Abstract

Liquid Product Recovery is an important metric to assess the quality of Gas and Oil Separation plant design and is required to be achieved at minimum CAPEX & OPEX to improve the overall economics. This paper presents a structured approach for an optimal solution to minimize loss of valuable components to the gas phase, thereby maximizing liquid recovery.

Ideal Liquid Recovery is defined as the theoretical maximum liquid recovery possible by successively separating the lightest components from the well-fluid until the crude oil specifications are met, i.e. separating all the Methane (C1) and Ethane (C2), just the right proportion of Water, Propane (C3) and H2S to meet the specifications. In real life separation systems, however, such sharp separation is unachievable, i.e. some amount of intermediate and heavier components are likely to migrate to the gas phase and some of the lighter components may end up in the liquid phase. Accordingly, %Liquid Recovery is defined as:
%Liquid Recovery=Actual Liquid RecoveryIdeal Liquid Recovery×100

Oil and gas production is a complex process wherein many equipment and systems are closely coupled and interdependent. The art of designing an optimal process for Gas and Oil Separation plants lies in rigorous selection of appropriate process configurations and operating conditions. The design largely depends on several factors such as fluid compositions and properties, product specifications, etc. There is no single configuration or set of process conditions that can be the solution under all scenarios; thus each case requires to be analyzed independently.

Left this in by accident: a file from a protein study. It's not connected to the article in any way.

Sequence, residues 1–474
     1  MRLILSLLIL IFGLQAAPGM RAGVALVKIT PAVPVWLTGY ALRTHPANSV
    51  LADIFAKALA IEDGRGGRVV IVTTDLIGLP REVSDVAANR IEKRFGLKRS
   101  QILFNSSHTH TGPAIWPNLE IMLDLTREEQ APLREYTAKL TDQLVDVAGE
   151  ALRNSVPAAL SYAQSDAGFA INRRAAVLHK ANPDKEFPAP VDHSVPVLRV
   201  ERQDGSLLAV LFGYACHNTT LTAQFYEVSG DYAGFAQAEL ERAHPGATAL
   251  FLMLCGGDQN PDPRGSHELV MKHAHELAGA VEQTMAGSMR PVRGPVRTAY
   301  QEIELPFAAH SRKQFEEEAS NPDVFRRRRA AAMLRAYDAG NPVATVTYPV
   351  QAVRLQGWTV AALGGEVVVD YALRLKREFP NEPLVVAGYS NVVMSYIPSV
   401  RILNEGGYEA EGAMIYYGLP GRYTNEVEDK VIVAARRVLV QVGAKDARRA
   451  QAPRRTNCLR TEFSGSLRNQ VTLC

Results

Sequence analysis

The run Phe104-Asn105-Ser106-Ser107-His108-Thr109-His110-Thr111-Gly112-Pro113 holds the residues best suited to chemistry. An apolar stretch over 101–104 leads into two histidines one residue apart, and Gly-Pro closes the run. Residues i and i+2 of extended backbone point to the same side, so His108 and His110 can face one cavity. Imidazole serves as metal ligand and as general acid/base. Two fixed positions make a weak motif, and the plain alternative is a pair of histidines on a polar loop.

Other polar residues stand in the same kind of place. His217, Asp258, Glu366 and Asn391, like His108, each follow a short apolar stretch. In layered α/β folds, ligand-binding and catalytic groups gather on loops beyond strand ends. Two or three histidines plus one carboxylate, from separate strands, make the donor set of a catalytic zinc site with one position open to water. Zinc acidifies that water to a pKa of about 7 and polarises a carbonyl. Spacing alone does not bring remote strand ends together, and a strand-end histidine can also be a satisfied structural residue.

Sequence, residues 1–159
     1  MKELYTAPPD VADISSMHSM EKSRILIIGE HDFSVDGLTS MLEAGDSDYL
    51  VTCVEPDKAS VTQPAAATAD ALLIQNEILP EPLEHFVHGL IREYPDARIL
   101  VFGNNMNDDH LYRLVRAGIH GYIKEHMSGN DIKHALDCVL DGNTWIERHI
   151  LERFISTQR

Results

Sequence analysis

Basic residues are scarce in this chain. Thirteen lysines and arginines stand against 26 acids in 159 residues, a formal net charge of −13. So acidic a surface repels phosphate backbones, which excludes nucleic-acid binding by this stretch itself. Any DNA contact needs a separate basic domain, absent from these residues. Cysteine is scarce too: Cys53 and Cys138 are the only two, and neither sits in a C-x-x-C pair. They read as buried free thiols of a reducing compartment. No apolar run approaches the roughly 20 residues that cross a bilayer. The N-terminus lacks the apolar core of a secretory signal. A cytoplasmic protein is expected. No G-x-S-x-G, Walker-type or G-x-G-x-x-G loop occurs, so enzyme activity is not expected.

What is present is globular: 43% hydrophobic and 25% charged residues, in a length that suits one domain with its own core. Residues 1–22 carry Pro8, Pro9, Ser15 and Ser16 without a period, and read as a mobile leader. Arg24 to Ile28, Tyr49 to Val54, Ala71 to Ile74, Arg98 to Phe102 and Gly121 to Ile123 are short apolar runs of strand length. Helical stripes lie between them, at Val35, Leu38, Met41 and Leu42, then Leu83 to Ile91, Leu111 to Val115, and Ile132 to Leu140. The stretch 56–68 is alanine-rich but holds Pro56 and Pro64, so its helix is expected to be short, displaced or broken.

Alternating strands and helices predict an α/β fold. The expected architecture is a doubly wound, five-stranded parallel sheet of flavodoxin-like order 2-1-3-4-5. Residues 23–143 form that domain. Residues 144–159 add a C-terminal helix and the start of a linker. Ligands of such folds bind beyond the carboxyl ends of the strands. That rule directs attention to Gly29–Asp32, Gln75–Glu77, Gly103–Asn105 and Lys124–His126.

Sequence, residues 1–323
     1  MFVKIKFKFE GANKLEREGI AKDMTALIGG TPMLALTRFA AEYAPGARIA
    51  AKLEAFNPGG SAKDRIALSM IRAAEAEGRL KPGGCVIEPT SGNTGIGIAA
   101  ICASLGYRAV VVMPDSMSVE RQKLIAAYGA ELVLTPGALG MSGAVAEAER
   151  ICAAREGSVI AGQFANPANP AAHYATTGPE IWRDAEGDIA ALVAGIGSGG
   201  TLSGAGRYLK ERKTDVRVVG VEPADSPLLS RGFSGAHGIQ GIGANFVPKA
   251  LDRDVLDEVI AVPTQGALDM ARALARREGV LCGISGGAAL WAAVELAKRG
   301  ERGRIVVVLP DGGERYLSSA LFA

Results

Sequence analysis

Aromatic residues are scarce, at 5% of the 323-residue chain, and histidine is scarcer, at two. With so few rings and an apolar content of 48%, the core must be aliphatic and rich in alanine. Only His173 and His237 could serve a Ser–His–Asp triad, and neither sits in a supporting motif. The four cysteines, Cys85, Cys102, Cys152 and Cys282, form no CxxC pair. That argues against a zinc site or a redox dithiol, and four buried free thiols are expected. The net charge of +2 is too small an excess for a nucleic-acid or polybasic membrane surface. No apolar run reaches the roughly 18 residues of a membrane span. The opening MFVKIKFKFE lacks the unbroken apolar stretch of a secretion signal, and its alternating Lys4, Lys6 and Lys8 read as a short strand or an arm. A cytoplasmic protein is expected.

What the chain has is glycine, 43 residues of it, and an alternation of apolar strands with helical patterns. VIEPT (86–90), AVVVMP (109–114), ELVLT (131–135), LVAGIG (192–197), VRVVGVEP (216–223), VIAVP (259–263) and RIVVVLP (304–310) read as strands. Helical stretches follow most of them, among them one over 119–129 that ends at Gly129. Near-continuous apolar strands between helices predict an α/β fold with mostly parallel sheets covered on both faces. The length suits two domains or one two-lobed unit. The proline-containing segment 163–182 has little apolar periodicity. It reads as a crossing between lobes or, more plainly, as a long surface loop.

This paper uses a structured approach to evaluate the impact of each parameter individually as well as collectively, to select the optimum process configuration for separation and stabilization of the crude oil. A Gas and Oil Separation plant with multiple stages and a stabilizer column is used to demonstrate that the liquid recovery for a specific well-fluid composition can be maximized by varying separator operating conditions, column operating parameters and process configurations. The focus of the paper is on the ‘Design Process’ to achieve and assure an optimal design as well as understand its limitations.

The suggested design approach demonstrates that liquid recovery values in excess of 95% can be achieved in comparison to typical liquid recovery values of around 93% for low GOR oil production plants. Even two percent increase in liquid recovery is quite significant, as on a 100,000 STBOPD plant it translates to 2,000 STBOPD production gain which is equivalent to more than US$ 33 million per year in additional revenue at crude oil price of US$ 50/bbl. This should be read with a caveat that incremental absolute revenue will be lower in a smaller capacity unit and hence, additional CAPEX, if any, should be evaluated accordingly. Higher liquid recovery also contributes to improvement in API gravity of the crude, and thus further adds to its value.

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